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Spokane, Washington  Est. May 19, 1883
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Spin Control

County wants out of its deal

Spokane County commissioners seem to have the upper hand in their battle with county unions in the public relations war over next year’s budget.
In adopting a budget last week that cuts positions or hours for almost every agency and department, the commissioners fired a broadside at their union workers for refusing to forego raises in the face of a bad economy. Judging from letters, phone calls and comments on this newspaper’s Web site, the public is more likely to agree with the commish, that in the midst of a recession, the unions should not be receiving cost-of-living adjustments.
“Give up a small percentage of your salary if you want to save positions,” Commissioner Mark Richard told the county prosecutor’s union who asked if there was any way to avoid cutting eight deputy prosecutors. “It requires people to give things up.”
Non-union folks already gave up raises, county officials said.
True enough. But before one applauds the board for a brave stand against big, bad unions, it might be important to remember one of the basic, four-word tenets of American business: A deal’s a deal.

What the commissioners really want is for the unions to let them out of the deal the county signed two years ago when the both sides negotiated a three-year contract. And to get out of the deal, county officials want to ignore a primary rule of collective bargaining: To get something, you give something. The county doesn’t really have much to give, which puts them in a very poor bargaining position.
(By way of full disclosure, The Spokesman-Review news department employees have a union, and I’m a former union president who has negotiated several contracts with newspaper management, including some with raises and others with cuts.)
 The main bone of contention between the county and its unions are what both sides call, somewhat incorrectly, COLAs.
A true cost-of-living adjustment is just that. If the cost of living goes up 10 percent, pay goes up 10 percent, and if it goes down 10 percent, pay goes down 10 percent. What the county and the unions really negotiated is a raise with a floor and a ceiling. If the cost of living went up any amount between 2.5 percent and 3.5 percent, pay would go up by that amount. If it went up more -- 5 percent, 10 percent, 50 percent, pay would go up no more than 3.5 percent. If it went up 2 percent or 1 percent, or down 5 percent or 50 percent, pay would go up 2.5 percent.
When the county and the unions reached that agreement, the real estate market was on steroids, tax revenues were flowing in and the county was focused mainly on the upper limit of the raise. County workers agreed to pick up a bit more of their benefit costs, the county got predictable labor costs for three years and 3.5 percent was less than what some other government agencies were giving their unions.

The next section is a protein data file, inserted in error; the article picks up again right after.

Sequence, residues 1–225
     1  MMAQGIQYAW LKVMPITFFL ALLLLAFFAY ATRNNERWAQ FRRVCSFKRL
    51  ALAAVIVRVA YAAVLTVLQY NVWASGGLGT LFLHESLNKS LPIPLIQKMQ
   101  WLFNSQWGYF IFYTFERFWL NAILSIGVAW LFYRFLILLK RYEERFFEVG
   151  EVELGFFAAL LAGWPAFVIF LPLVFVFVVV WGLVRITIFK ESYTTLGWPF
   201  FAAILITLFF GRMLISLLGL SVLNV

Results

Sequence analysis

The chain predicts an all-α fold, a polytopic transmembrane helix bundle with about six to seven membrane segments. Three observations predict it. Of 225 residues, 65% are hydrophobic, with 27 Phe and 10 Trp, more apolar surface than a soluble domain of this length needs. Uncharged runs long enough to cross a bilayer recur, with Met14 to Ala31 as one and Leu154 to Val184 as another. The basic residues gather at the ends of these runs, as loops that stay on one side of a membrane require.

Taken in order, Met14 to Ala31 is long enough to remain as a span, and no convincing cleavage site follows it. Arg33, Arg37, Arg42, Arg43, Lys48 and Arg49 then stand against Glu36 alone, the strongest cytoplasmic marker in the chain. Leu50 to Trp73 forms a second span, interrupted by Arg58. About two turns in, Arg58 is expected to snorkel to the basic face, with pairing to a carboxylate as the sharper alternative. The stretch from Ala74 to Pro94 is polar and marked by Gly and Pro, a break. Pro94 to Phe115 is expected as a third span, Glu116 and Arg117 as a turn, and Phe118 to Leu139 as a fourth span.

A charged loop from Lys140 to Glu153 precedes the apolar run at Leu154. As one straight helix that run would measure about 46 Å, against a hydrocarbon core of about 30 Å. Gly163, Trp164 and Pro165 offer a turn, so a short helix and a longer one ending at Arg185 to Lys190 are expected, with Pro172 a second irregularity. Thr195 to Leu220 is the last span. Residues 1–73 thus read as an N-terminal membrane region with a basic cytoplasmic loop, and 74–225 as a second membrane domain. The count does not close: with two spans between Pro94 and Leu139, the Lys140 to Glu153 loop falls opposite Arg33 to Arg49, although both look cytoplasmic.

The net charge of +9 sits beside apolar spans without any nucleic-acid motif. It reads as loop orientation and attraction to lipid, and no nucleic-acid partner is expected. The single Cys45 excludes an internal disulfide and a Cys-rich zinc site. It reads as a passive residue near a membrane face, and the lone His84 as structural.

Neither side thought about the floor, Gordon Smith, the staff representative for the Washington State Council of County and City Employees which represents many of the county workers.
“We thought we cut a good deal,” County Board Chairman Todd Mielke conceded last week.
When the recession hit, the county realized it was not such a good deal, and asked to re-open the contract to cancel the raises. The unions, not surprisingly, asked what the county would give them in return. County officials said they’d lay off fewer people.
Smith said the unions wanted to save as many jobs as possible. Because there are so many departments and offices, and professional specialties within those offices, the county’s unions are fairly balkanized, so there were many different suggestions. Many members wanted a one-year extension to the contract.
Mielke said with the economy still sliding and the state and federal government likely to cut their payments to counties, the county is reluctant to add a year on the contract. “In hindsight, we probably should have gone with a shorter contract” in 2008, he said.
Obviously, both sides are frustrated. Last week, from the bully pulpit of the meeting room, commissioners laid all the blame at the feet of the unions. Then they said something surprising – that if the unions changed their minds, changes could still be made by Dec. 31.
That was news to Smith who thought negotiations were over when the budget was approved last Tuesday. At midweek, he was trying to spread the word among the various union groups while waiting for a call from commissioners. Mielke, meanwhile, said the board was waiting to hear from the unions.
 For a moment it looked like both sides would be singing Auld Lang Syne and waiting to hear from the other, but by Friday Smith said the two sides agreed to sit down this week for more talks. He wouldn’t say what was on the table, but added: “They have something in mind, and so do we. Each side is at least willing to talk.”

The Spokesman-Review's political team keeps a critical eye on local, state and national politics.